Adaptation & Modification

    Adult C. brunnea can be “highly polymorphic,” with several morphs mimicking a different type of wasp. Depending on where a certain C. brunnea is located, their actions or attitudes of mimicking wasps will differ in relation to the species of wasps they are surrounded by. (Tauber 2009)
    Adult C. brunnea have established two ways (that have been observed) to mimic wasps to disguise themselves against threats. When a disturbance is encountered, the C. brunnea will curl its abdomen under itself, doing this and along with their coloring, the mantisfly will resemble a wasp in its stinging position. When a disturbance or threat moves closer to the individual, it will spread its wings to their fullest and allow a more vibrant display of their wasp-like coloring. While doing this, the C. brunnea continued to mock a stinging wasp by simulating the motions. This evidence suggests that C. brunnea have adapted to protect themselves from danger by maintaining wasp-like coloring and copying the actions of a wasp. (Boyden 1983)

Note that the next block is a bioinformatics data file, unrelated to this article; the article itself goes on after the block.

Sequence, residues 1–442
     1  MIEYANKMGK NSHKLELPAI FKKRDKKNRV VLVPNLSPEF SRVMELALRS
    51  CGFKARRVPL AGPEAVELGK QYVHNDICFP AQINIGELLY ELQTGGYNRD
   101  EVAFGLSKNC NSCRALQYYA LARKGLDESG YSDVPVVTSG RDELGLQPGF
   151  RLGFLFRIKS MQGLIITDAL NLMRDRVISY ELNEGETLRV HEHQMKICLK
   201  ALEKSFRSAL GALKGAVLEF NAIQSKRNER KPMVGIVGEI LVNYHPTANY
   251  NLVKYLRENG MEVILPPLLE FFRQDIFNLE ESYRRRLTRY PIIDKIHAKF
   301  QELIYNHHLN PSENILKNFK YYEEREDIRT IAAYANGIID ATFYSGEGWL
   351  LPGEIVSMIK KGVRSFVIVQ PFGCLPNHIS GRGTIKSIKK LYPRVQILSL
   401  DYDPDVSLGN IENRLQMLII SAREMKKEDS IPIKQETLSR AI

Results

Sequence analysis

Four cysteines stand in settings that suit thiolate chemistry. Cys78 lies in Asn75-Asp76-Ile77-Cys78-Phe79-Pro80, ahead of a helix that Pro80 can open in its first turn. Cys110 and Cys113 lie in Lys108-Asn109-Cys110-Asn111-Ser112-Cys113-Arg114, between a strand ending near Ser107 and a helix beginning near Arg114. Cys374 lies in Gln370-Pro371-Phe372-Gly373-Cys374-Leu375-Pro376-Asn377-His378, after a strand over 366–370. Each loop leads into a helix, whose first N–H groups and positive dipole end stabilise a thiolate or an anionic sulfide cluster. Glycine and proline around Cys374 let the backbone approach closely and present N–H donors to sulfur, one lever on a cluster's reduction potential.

Along with their resemblance to wasps, all members of the Mantispidae family possess characteristics similar to Praying Mantises. Their ability to resemble both of these more intimidating bugs help to keep the C. brunnea adults safe from predators. (Encyclopedia of Life)

The following photo does a good job of portraying an adult C. brunnea mimicking a stinking wasp.

Photo Courtesy of Tom Murray

If you would like to see more pictures or learn some more facts about this interesting species, check out this website!

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